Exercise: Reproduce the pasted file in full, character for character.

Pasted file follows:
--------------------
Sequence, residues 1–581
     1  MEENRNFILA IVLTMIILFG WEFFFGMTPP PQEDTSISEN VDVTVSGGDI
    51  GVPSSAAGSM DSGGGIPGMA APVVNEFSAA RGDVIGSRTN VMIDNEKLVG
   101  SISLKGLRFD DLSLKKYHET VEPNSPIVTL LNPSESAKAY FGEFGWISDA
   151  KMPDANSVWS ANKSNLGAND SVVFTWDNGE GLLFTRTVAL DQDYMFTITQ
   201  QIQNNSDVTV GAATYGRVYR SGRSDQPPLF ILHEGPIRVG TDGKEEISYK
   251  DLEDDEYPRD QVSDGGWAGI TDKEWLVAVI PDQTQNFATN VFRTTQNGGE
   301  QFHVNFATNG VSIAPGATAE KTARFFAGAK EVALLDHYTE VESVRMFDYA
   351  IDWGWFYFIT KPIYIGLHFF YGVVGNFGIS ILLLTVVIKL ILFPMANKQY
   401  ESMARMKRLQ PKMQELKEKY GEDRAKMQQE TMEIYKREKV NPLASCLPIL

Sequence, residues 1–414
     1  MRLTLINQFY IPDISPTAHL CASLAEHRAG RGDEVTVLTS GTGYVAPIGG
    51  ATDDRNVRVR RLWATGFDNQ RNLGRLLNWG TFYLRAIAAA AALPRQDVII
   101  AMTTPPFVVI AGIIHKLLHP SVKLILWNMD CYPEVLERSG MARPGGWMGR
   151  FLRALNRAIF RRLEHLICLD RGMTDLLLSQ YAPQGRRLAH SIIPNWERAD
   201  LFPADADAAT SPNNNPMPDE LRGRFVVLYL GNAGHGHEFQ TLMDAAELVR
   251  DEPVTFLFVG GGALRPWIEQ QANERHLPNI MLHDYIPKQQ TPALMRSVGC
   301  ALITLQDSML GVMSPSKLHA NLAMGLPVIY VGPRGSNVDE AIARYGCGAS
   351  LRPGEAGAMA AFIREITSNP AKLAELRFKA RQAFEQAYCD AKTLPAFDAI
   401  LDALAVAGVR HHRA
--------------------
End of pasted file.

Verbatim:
Sequence, residues 1–581
     1  MEENRNFILA IVLTMIILFG WEFFFGMTPP PQEDTSISEN VDVTVSGGDI
    51  GVPSSAAGSM DSGGGIPGMA APVVNEFSAA RGDVIGSRTN VMIDNEKLVG
   101  SISLKGLRFD DLSLKKYHET VEPNSPIVTL LNPSESAKAY FGEFGWISDA
   151  KMPDANSVWS ANKSNLGAND SVVFTWDNGE GLLFTRTVAL DQDYMFTITQ
   201  QIQNNSDVTV GAATYGRVYR SGRSDQPPLF ILHEGPIRVG TDGKEEISYK
   251  DLEDDEYPRD QVSDGGWAGI TDKEWLVAVI PDQTQNFATN VFRTTQNGGE
   301  QFHVNFATNG VSIAPGATAE KTARFFAGAK EVALLDHYTE VESVRMFDYA
   351  IDWGWFYFIT KPIYIGLHFF YGVVGNFGIS ILLLTVVIKL ILFPMANKQY
   401  ESMARMKRLQ PKMQELKEKY GEDRAKMQQE TMEIYKREKV NPLASCLPIL

Sequence, residues 1–414
     1  MRLTLINQFY IPDISPTAHL CASLAEHRAG RGDEVTVLTS GTGYVAPIGG
    51  ATDDRNVRVR RLWATGFDNQ RNLGRLLNWG TFYLRAIAAA AALPRQDVII
   101  AMTTPPFVVI AGIIHKLLHP SVKLILWNMD CYPEVLERSG MARPGGWMGR
   151  FLRALNRAIF RRLEHLICLD RGMTDLLLSQ YAPQGRRLAH SIIPNWERAD
   201  LFPADADAAT SPNNNPMPDE LRGRFVVLYL GNAGHGHEFQ TLMDAAELVR
   251  DEPVTFLFVG GGALRPWIEQ QANERHLPNI MLHDYIPKQQ TPALMRSVGC
   301  ALITLQDSML GVMSPSKLHA NLAMGLPVIY VGPRGSNVDE AIARYGCGAS
   351  LRPGEAGAMA AFIREITSNP AKLAELRFKA RQAFEQAYCD AKTLPAFDAI
   401  LDALAVAGVR HHRA